Swipely Expands Card-Linked Customer Loyalty Program to Boston
Providence, RI-based Swipely is kicking off a discount program in Boston that it says will give shoppers discounts and earn local merchants a more loyal, consistent customer base.
Swipely first got started as a platform that enabled consumers to broadcast and review purchases they made on their debit and credit cards, but switched its focus in February to card-linked discounts for local businesses, starting with a pilot program across Rhode Island. Boston is Swipely’s first stop in its national expansion, with New York and San Francisco as the next targets.
Boston already has a few players developing technology for discounts tied to purchases on credit and debit cards, including Linkable Networks and Cartera Commerce. Swipely founder and CEO Angus Davis says his company stands out in that its focus is entirely on local shops.
“We’re taking the tools and the technology that the big brands have been using a long time, and we’re empowering Main Street businesses,” he says. He’ll have to keep an eye on Cartera, though, which has said that local merchants are the fastest-growing piece of its business.
Consumers start by registering their card with Swipely to get cash-back discounts at area restaurants, liquor stores, nail salons, and the like. But the Swipely platform offers analytics and insight to consumer shopping behavior that Davis says enable merchants to better tailor their offers to nab and retain loyal patrons.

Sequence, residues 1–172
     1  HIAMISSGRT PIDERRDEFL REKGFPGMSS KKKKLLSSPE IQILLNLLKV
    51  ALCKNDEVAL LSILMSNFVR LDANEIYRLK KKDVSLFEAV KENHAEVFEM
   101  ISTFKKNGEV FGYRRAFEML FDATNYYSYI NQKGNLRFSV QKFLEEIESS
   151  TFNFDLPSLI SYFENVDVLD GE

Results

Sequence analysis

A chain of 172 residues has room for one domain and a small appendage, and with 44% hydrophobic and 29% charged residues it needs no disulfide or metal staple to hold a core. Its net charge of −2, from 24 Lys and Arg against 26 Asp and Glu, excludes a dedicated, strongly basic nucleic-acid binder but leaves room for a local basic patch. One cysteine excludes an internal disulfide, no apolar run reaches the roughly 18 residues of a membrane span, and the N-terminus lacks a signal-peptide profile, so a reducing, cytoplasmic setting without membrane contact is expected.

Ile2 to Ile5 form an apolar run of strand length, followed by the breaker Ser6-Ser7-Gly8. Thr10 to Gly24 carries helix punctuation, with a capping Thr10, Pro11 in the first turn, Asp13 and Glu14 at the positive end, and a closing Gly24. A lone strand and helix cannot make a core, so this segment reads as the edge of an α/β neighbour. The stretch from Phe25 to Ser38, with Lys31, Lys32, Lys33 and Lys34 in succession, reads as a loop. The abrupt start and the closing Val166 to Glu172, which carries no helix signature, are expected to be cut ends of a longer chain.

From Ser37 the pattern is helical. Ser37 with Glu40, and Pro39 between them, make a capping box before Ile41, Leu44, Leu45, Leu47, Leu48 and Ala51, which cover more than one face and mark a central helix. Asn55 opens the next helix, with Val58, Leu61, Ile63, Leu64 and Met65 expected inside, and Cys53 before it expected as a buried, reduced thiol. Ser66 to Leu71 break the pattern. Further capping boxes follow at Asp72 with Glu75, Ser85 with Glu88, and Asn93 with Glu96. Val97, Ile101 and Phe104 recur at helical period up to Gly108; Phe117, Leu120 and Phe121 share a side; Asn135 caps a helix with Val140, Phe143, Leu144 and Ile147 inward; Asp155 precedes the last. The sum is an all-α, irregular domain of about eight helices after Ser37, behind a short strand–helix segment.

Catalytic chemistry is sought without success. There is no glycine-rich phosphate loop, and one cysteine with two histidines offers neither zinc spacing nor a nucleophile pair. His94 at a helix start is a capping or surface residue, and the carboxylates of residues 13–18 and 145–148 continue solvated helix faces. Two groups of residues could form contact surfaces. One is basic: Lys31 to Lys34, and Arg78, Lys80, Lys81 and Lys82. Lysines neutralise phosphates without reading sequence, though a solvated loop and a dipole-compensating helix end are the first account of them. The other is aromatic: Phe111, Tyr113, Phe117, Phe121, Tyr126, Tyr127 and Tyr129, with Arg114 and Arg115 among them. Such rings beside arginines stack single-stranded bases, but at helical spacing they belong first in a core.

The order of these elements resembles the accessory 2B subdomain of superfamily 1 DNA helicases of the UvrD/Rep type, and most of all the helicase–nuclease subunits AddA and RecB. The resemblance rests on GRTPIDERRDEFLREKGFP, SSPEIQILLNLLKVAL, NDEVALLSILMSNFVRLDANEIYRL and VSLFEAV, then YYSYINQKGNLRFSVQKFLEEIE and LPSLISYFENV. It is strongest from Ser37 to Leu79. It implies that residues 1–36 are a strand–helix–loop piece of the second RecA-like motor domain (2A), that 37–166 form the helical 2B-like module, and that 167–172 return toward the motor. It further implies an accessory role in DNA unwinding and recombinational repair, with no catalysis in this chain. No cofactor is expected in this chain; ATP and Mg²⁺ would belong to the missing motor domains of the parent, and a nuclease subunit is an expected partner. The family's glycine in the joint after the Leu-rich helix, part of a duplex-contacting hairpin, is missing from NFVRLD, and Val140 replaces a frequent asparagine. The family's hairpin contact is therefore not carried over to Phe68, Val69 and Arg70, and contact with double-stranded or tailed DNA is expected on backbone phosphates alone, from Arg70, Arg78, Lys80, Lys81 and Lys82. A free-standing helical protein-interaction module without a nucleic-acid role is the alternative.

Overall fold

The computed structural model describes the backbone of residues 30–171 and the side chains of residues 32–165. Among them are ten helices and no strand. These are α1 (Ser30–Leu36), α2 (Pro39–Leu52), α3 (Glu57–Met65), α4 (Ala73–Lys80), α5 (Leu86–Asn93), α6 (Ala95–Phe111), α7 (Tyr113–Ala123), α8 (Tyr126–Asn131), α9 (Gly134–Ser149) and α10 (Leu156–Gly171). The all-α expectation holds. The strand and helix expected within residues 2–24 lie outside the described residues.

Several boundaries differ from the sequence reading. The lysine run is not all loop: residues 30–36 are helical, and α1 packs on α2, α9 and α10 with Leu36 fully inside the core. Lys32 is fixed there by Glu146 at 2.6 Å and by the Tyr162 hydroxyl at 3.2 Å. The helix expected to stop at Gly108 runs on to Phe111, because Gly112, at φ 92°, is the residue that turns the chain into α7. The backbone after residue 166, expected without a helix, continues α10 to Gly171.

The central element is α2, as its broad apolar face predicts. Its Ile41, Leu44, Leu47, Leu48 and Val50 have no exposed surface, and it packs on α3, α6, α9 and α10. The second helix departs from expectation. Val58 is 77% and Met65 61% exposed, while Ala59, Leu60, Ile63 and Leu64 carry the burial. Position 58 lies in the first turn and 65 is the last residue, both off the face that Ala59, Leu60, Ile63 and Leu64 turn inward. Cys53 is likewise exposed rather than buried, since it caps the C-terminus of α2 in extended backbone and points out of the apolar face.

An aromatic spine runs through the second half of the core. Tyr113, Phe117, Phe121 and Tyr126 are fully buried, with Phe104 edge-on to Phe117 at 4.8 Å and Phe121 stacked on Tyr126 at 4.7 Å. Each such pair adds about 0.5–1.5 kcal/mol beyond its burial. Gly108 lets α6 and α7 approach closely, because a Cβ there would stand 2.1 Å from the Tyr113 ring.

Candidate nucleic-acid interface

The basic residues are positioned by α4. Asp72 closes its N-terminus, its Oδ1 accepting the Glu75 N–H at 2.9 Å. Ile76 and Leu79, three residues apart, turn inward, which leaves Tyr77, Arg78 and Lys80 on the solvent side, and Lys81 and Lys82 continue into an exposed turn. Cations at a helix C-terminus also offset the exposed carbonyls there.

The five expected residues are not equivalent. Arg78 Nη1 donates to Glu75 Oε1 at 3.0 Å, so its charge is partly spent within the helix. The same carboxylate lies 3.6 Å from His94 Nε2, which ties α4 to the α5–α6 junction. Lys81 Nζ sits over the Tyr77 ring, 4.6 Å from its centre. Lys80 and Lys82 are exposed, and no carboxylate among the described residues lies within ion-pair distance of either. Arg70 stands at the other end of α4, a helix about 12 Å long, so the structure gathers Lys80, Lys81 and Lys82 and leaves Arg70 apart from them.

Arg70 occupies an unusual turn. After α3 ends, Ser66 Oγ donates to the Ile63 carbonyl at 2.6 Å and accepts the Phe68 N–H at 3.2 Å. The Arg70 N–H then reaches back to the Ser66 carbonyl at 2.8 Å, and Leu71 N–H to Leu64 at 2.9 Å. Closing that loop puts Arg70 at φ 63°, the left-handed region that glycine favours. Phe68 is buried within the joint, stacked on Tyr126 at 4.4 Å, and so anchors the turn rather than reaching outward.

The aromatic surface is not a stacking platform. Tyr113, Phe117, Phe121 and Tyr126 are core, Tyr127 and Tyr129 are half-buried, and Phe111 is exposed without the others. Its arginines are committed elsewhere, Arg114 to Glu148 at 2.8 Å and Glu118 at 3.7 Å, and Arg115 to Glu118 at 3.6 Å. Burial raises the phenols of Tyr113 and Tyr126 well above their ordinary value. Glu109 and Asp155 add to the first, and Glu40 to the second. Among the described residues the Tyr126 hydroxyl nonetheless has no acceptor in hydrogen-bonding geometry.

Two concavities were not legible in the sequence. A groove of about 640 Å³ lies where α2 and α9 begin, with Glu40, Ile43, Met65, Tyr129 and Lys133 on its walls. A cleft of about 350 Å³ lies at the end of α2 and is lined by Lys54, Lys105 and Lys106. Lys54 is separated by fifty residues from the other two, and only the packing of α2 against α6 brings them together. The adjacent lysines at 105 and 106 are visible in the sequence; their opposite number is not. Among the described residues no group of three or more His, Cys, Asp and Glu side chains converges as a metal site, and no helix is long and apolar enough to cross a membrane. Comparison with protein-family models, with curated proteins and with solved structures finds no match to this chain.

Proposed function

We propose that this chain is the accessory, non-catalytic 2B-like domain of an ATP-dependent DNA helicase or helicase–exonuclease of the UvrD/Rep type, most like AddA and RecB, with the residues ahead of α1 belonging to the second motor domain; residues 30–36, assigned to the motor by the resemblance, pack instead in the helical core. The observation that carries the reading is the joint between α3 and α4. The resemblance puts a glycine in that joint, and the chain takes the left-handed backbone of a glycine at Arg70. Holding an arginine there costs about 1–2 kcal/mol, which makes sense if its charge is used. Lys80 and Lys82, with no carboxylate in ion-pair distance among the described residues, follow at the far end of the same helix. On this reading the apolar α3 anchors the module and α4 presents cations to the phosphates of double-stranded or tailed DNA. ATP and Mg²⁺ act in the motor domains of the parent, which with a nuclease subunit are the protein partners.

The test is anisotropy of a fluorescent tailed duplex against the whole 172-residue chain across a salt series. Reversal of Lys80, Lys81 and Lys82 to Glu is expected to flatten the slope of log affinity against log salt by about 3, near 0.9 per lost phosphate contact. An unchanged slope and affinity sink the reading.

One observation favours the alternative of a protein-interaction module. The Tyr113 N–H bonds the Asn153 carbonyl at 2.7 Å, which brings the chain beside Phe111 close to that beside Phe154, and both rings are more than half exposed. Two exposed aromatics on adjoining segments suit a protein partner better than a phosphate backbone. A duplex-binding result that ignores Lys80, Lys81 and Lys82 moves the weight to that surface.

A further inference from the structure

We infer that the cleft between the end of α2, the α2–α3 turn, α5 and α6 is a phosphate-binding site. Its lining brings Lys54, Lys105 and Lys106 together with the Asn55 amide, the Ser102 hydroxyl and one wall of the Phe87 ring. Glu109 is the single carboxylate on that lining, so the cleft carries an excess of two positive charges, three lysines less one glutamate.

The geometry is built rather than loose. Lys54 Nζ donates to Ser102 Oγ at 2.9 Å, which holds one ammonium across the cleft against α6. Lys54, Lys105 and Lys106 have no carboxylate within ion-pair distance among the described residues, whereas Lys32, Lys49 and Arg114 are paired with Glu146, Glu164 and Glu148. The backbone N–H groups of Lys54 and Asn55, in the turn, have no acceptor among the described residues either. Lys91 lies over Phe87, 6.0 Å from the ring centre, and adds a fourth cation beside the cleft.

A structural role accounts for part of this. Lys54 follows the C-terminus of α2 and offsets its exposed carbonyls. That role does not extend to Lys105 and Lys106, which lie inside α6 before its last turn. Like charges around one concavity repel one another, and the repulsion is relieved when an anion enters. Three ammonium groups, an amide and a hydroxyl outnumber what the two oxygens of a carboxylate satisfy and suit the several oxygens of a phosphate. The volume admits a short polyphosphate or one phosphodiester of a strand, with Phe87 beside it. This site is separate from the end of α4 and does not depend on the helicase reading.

Using Swipely, a merchant could offer an initial discount, like $10 off your first purchase, to attract new shoppers. But it can also offer loyalty discount programs, where customers rack up points each time they spend at a business. Those loyalty points could ultimately be traded in for dollars at that same business, Davis explains. “It encourages loyalty to the merchant rather than to the network,” says Davis.
That’s in contrast to group buying and daily deals services, says Davis, which have taken quite a bit of flak for giving consumers huge, one-off discounts without necessarily incentivizing them to return to businesses.
“They solve problem of customer acquisition, but not the problem of customer retention and loyalty,” he says. “The consumer is trained not to be loyal to the merchant but loyal to the deal.”
The Swipely platform offers information and analytics on shopper behavior that enables businesses to better tailor discounts to achieve their goals. For example, if a restaurant notices that a customer has only visited at lunchtime, they can offer discounts that only apply at dinnertime.
One last thing about Swipely: the company says physical credit and debit cards aren’t going to go away anytime soon. (I wonder what players like LevelUp, which allows consumers to pay using their smartphones, would have to say about that.)
“From our perspective the way people pay isn’t broken,” Davis says. “We think the problem is that the payment network doesn’t add much value to the market. We’re trying to transform that sleepy boring commodity business that is the credit card network into a valuable direct marketing platform.”